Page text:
Tuesday, February 22, 2011

Clip a Raster using a Shapefile

Clipping a satellite image: Rasterize, Mask, Clip, Save
If you read this blog you see most of the material covers shapefiles.  The intent of this blog is to cover remote sensing as well and this article provides a great foundation for remote sensing in Python. In this post I'll demonstrate how to use several Python libraries to to create a script which can take any polygon shapefile and use it as a mask to clip a geospatial image.  Although I'm demonstrating a fairly basic process, this article and the accompanying sample script is densely-packed with lots of good information and tips that would take you hours if not days to piece together reading forum posts, mailing lists, blogs, and trial and error.  This post will get you well on your way to doing whatever you want to do with Python and Remote Sensing.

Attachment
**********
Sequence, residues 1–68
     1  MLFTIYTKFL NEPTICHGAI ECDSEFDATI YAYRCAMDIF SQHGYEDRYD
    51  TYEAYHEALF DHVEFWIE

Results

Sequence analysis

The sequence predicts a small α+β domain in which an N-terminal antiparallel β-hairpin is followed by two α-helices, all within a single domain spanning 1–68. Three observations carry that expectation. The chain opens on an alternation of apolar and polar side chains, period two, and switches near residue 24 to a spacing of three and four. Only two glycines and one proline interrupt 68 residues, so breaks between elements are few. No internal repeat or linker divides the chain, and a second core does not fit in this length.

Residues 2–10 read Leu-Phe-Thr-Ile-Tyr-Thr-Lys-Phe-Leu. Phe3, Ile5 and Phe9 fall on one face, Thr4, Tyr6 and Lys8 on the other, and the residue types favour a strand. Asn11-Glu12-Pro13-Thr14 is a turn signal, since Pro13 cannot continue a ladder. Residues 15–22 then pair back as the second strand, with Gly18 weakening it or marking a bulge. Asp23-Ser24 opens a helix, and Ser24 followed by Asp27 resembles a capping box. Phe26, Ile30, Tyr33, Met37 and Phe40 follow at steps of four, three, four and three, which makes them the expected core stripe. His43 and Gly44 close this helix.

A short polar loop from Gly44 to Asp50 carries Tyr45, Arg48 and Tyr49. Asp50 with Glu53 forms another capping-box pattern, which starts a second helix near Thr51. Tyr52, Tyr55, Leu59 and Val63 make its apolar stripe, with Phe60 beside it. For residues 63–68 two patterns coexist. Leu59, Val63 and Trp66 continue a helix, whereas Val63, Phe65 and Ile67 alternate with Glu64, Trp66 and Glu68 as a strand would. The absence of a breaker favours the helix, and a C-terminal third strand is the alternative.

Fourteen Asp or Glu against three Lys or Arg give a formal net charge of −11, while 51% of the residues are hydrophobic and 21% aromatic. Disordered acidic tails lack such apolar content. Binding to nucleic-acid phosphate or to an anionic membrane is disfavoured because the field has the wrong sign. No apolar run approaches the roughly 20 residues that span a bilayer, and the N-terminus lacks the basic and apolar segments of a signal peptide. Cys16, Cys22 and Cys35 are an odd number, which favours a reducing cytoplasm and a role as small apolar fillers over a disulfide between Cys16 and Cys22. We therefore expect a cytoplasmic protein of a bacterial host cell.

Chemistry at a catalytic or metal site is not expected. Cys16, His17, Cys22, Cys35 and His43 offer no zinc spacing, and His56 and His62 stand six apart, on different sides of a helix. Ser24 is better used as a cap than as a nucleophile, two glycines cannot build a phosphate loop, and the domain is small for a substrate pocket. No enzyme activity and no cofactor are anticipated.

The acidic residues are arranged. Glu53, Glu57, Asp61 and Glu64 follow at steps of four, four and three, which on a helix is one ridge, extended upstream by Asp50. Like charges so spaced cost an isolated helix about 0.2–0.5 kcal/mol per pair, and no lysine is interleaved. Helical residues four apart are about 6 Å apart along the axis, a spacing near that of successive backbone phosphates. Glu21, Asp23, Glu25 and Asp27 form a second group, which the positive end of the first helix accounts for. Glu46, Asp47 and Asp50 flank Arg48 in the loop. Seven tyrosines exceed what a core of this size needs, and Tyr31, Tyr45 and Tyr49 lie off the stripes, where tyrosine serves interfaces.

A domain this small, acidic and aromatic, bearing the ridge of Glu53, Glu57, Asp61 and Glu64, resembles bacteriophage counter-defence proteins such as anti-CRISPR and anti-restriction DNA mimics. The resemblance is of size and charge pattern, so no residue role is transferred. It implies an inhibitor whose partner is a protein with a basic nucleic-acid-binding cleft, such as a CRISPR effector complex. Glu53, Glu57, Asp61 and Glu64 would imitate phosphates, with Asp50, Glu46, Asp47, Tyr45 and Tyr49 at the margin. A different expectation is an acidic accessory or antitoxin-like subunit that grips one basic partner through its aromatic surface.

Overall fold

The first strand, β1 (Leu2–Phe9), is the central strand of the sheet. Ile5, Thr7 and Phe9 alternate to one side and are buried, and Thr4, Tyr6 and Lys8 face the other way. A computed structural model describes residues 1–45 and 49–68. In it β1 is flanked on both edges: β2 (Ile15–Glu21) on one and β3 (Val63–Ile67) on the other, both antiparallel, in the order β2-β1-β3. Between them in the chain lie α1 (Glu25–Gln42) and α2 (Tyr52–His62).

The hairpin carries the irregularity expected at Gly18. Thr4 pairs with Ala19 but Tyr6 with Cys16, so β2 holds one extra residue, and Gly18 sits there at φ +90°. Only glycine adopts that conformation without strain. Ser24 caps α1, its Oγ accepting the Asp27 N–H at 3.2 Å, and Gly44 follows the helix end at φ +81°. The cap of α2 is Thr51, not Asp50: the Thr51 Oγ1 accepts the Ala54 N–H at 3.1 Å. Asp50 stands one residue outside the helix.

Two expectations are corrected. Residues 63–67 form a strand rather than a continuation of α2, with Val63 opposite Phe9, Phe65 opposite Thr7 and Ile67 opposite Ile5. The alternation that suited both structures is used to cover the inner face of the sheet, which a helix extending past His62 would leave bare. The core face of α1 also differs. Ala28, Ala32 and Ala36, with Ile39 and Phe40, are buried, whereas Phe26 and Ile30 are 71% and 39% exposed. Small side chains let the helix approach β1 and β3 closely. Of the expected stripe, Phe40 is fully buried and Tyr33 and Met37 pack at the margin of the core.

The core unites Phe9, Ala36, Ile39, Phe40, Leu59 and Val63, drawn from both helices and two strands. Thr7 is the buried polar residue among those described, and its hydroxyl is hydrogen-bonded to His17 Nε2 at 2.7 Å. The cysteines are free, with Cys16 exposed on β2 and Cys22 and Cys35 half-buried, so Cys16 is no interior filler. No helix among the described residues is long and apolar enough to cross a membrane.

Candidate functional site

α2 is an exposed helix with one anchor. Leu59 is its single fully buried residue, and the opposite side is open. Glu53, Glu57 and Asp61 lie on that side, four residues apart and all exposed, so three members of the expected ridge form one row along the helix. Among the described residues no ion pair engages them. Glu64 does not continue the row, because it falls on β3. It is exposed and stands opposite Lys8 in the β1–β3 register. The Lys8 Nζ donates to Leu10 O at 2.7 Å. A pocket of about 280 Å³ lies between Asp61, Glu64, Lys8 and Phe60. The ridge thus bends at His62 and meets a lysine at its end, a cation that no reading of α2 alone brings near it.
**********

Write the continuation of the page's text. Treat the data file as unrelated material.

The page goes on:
Satellite and aerial images are usually collected in square tiles more or less the same way your digital camera frames and captures a picture.  Geospatial images are data capturing different wavelengths of light reflected from known points on the Earth or even other planets.  GIS professionals routinely clip these image tiles to a specific area of interest to provide context for vector layers within a GIS map.  This technique may also be used for remote sensing to narrow down image processing to specific areas to reduce the amount of time it takes to analyze the image.

The Process

Clipping a raster is a series of simple button clicks in high-end geospatial software packages.  In terms of computing, geospatial images are actually very large, multi-dimensional arrays.  Remote Sensing at its simplest is performing mathematical operations on these arrays to extract information from the data. Behind the scenes here is what the software is doing (give or take a few steps):
  1. Convert the vector shapefile to a matrix which can be used as mask
  2. Load the geospatial image into a matrix
  3. Throw out any image cells outside of the shapefile extent
  4. Set all values outside the shapefile boundary to NODATA (null) values
  5. OPTIONAL: Perform a histogram stretch on the image for better visualization
  6. Save the resulting image as a new raster.
Geospatial Python Raster Clipping Workflow